There was a bomb blast in it.
“Roe was seriously wrong from the start,” Justice Alito wrote.
“It is time to pay attention to the Constitution and return the issue of abortion to the elected representatives of the people.”
Politico’s editors stressed that its story has gone through an extensive review process and believes the document is authentic.
SCOTUSblog, which the court closely monitors, also believes the draft is genuine.
It is important to note that the document is a draft that reflects the opinion of Justice Alito only.
Politico is reporting four other judges on the bench — Clarence Thomas, Neil Gorsuch, Brett Kavanaugh and Amy Connie Barrett — have voted in their favor.
But in the three months after the draft was circulated around the court, some people have changed their mind or suggested amendments.
The source of the leak is unknown.
But documenting the media weeks before the decision is made public may be a last-ditch effort to pressure some judges to switch sides.
What if they actually beat Roe v Wade?
If some judges change their mind by June, there’s a chance Rowe v Wade will survive.
But if some or no amendments are made to Justice Alito’s draft and it becomes the majority opinion, the impact on abortion access in America will be swift and dramatic.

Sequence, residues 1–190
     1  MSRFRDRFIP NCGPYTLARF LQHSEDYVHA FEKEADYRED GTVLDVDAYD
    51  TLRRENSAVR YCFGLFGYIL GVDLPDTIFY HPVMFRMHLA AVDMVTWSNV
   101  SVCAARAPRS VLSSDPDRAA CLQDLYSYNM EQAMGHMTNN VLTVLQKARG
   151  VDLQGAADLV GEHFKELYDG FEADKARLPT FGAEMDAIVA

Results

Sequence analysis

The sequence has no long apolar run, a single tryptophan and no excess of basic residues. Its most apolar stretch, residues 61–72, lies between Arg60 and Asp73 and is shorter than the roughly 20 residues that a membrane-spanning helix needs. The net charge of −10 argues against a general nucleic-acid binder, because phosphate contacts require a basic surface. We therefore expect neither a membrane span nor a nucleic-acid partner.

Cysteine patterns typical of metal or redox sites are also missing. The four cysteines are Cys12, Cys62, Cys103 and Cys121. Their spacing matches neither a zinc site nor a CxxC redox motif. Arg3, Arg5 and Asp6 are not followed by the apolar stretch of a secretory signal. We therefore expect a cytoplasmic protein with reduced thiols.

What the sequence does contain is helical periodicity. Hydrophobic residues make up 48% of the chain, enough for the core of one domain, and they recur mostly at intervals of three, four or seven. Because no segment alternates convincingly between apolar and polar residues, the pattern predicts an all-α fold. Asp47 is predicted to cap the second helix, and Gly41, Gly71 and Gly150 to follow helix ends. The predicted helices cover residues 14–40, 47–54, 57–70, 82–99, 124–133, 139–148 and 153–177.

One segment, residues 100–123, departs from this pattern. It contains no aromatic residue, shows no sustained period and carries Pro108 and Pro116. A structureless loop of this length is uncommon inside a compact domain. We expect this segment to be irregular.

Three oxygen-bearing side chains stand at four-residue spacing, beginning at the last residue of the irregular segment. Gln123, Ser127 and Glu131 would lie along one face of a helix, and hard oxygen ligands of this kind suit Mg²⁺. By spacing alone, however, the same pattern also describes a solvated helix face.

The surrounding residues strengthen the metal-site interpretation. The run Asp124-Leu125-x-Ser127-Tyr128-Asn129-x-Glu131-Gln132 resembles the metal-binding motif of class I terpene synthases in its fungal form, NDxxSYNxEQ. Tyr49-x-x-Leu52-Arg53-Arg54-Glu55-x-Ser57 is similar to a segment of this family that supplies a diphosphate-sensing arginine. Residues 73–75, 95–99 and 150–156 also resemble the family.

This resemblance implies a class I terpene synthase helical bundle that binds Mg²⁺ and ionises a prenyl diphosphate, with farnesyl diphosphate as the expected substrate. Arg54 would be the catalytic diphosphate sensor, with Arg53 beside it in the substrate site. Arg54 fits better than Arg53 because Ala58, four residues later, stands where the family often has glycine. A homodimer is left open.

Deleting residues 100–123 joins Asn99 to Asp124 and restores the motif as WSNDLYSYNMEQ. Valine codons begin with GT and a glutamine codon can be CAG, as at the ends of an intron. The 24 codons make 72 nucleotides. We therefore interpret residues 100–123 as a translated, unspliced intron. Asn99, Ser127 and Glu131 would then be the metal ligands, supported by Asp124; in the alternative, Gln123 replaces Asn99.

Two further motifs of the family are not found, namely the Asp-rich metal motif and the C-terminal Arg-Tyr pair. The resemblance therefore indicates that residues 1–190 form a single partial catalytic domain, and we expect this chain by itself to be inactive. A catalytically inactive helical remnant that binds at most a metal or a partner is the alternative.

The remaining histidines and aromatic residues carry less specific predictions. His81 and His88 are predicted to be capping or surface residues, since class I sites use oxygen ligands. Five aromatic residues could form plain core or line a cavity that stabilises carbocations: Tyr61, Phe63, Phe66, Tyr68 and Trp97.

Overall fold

More than 20 states already have laws or constitutional amendments to make up for this possibility.
If Roe v Wade is reversed, some states have what is called a “trigger ban”, so that abortion becomes immediately illegal in almost every situation.
Among them is Arkansas, which would have an almost complete ban on abortion.
Kentucky, Louisiana and South Carolina will ban terminations at six weeks into pregnancy.
Proponents of abortion access say the procedure will only be accessible to people who can travel to states where it is legal.
They say those who can’t afford it will be forced to give birth or even seek an abortion in a dangerous, back alley.
What are people saying about the leak?
While support for abortion varies from state to state, national polling has consistently shown for many years that the majority of Americans believe the procedure should be legal.
A poll at the end of 2021 found that 59 percent of American adults believe abortion should be legal in all or most cases, while 39 percent believe it should be illegal in all or most cases.
Democratic New York Governor Cathy Hochul responded to Politico’s leaks and promised that her state would always provide the process.
“This is a very shameful attack on our fundamental right to choose and we will fight whatever we have,” he said.
“Let me be loud and clear: New York will always guarantee your right to an abortion. You have our word.”
Meanwhile, Republican Senator Tom Cotton of Arkansas welcomed the prospect of Roe-America.
“The Supreme Court… should get to the bottom of this leak using every necessary investigative tool,” he said.
“Meanwhile, Roe was seriously wrong from the start and I pray that the court upholds the Constitution and allows the states to once again protect the life of the unborn.”